WASHINGTON (Reuters) - The Pentagon is pushing ahead with a $420 million effort to build refineries to make competitively priced biofuels, despite anger in Congress over the price the Navy paid for alternative fuel to test a carrier strike group this month.
The government plans provide $210 million in matching funds to help firms build three refineries, each able to produce at least 10 million gallons of biofuel a year for military jets or ships, according to documents released this week. The Navy would supply $170 million and the Energy Department $40 million.
The military’s spending on alternative fuels has drawn criticism from Republican lawmakers, with Senator Jim Inhofe charging that President Barack Obama’s priorities are “completely skewed” and Representative Mike Conaway accusing Navy Secretary Ray Mabus of “squandering precious dollars.”
But Mabus warns that U.S. dependence on foreign oil is a strategic vulnerability that can only be addressed by reducing the military’s reliance on petroleum as the sole source of fuel to power its jets, ships and tanks.
The Navy initiative announced on Monday to help private firms build biofuel refineries “will enhance our national security,” Mabus said in discussing the $30 million first phase of the project.
“It’s going to help support the creation and commercial viability of a defense critical industry, and that’s in domestic biofuels,” he said.
The announcement came as the Navy is preparing to test a carrier strike force using alternative fuels on July 18 during the six-week, 22-nation Rim of the Pacific exercises, the largest annual global naval maneuvers.
The Navy purchased 450,000 gallons of biofuels for $12 million, or nearly $27 a gallon for the exercises. The fuel was then mixed with 450,000 gallons of petroleum to achieve a 50-50 blend that cost about $15 a gallon. The Navy expected the jet and marine biofuels to last about a day during the exercises.
The cost of the biofuels for the exercises has produced an angry backlash in Congress. Republican lawmakers denounced the spending at a time of Pentagon budget cuts and are working to halt the purchase of biofuels that are not competitively priced.
Obama’s opponents see the military’s green energy push as another attempt by the White House to promote alternative fuels even if they don’t make economic sense, as in the case of the government-funded solar panel maker Solyndra, which went bankrupt last year.
President Obama is “pressing forward with his plan to force the DoD (Department of Defense) to spend $30 million on its so-called green fleet, all while he’s gutting our military,” Inhofe said in a statement provided to Reuters.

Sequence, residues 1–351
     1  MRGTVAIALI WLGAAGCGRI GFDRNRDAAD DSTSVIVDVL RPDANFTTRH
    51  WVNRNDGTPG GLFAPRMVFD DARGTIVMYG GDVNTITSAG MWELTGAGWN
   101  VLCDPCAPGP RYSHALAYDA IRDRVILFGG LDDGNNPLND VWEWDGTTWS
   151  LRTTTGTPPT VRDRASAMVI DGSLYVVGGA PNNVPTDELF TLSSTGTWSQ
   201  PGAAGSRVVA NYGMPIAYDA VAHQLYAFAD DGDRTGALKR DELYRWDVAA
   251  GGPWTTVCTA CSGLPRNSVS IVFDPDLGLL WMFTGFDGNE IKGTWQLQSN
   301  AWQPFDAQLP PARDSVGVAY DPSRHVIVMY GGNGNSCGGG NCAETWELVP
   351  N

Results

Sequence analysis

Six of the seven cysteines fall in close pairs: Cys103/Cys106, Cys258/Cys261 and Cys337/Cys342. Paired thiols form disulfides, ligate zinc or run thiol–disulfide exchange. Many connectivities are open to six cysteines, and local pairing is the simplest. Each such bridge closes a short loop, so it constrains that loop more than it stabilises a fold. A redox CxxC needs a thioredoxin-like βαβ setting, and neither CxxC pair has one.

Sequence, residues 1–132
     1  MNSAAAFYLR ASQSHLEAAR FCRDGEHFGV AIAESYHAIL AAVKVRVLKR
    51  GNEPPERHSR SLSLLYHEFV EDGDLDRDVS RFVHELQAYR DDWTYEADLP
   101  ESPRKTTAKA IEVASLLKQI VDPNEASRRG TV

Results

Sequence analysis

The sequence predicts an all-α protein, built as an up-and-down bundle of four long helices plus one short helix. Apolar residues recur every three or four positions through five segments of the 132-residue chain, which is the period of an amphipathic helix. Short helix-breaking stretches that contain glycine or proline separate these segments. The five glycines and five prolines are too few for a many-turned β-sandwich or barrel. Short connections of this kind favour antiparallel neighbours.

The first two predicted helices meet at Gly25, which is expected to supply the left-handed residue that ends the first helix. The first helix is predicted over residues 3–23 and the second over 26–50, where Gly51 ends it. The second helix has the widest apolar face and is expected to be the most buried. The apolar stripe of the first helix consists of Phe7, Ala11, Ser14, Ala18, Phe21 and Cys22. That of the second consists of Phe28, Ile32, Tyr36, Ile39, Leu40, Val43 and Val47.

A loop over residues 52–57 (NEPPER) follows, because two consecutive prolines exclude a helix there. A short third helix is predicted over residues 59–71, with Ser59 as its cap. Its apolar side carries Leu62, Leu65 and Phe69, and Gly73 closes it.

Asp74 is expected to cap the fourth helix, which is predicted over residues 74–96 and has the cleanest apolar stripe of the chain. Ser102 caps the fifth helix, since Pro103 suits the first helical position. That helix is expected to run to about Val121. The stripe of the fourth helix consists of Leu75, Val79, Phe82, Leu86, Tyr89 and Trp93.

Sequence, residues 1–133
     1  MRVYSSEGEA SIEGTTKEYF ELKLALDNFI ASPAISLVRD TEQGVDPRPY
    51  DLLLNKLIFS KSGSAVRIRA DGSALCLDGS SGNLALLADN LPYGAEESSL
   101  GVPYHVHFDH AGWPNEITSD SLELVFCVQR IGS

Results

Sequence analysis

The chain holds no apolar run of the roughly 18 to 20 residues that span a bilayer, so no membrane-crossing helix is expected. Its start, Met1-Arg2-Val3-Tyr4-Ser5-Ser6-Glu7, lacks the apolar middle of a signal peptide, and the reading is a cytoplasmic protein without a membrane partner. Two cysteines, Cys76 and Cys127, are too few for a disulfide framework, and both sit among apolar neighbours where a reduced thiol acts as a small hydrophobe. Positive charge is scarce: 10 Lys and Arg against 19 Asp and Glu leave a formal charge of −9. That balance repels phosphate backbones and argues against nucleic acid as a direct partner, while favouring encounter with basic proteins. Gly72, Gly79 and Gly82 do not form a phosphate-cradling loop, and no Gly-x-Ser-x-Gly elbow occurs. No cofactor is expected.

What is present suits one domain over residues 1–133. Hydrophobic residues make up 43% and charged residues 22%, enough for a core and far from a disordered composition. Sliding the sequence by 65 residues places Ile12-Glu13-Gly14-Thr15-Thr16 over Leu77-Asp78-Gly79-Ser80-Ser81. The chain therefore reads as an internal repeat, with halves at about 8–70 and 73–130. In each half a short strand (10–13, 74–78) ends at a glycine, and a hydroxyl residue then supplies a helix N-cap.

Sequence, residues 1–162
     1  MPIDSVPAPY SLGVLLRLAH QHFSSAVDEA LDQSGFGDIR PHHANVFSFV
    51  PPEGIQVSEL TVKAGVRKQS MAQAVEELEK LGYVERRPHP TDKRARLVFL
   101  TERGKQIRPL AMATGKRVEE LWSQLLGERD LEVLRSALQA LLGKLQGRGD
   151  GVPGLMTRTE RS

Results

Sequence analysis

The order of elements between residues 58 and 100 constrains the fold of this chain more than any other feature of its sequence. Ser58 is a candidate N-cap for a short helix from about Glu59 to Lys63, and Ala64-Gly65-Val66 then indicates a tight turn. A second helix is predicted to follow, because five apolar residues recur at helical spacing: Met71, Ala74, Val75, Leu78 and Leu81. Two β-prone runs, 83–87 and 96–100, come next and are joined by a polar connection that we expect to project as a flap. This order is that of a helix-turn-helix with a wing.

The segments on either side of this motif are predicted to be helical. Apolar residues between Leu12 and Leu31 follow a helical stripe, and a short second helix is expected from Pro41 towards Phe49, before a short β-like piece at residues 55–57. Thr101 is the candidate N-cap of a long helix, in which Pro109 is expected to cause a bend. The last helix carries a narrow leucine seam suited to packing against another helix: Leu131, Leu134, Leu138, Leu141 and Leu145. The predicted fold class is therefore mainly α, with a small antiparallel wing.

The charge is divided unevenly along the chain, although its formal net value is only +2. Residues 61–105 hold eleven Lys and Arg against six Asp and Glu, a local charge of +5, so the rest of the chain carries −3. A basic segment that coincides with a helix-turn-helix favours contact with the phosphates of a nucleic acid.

Conaway authored a provision, included in a bill authorizing defense programs, that would prevent Pentagon spending on biofuels that cost more than conventional fuel. The bill passed the House of Representatives, and a similar biofuels provision was approved by a Senate committee.
Conaway said he was not opposed to the Navy buying alternative fuels so long as the price was not greater than that of fossil fuels, but paying $27 a gallon versus $4 a gallon for petroleum “makes no sense.”
“It’s not about proving the technology. It’s Mabus wanting to waste money ... on a publicity stunt for his green fleet,” he said.
Conaway said he thought biofuels should be developed in the private sector, not with the Pentagon in the lead. But he said there was not as much support in Congress for trying to block the latest Navy project with the Energy and Agriculture departments because it involved research and development funds.
“We didn’t have the support to rein that in,” he said, acknowledging that the Navy was making “a bit of an end run” around opponents of the biofuels program.
Proponents of alternative fuels warn that attacking the effort is short-sighted.
“Simply saying that we can’t afford to develop an alternative fuel strategy for our military is penny-wise and pound-foolish,” said Democratic Senator Chris Coons.
Coons said firms like Dupont in his home state of Delaware are making big strides in developing a competitive advanced biofuels industry. He said the defense authorization bills in Congress should permit work on biofuels but require the Pentagon to justify the spending each year.
Daniel J. Weiss, director of climate strategy at the Center for American Progress Action Fund, pointed to the damage that volatile oil prices wreak on the Pentagon’s budget. Mabus said a $1 per barrel increase in global oil prices costs the Navy alone $30 million.
“It’s very short sighted to oppose investments in the cleaner fuels of the future,” Weiss said.
Under the Navy’s new biorefinery effort, the government would provide $210 million in funds, which would be matched on a dollar-for-dollar basis by private capital. The military expects to make five awards in the $30 million first phase of the program some time this fall.
The second phase of the project, which would probably begin next year, would whittle participants down to about three and provide another $180 million in financing, again to be matched equally by the companies involved, government documents say.
Mabus said earlier this week that $100 million in funding for the program had been appropriated and authorized in the 2012 fiscal year budget. The Pentagon anticipated receiving another $110 million in funding for the program in the 2013 fiscal budget beginning in October, the documents say.
Participants competing for the grants would have to provide business plans and strategies for building refineries that could produce at least 10 million gallons of biofuel per year. They would also need the capability to blend the fuel with equivalent amounts of petroleum.
This story is refiled to clarify source of funding in second paragraph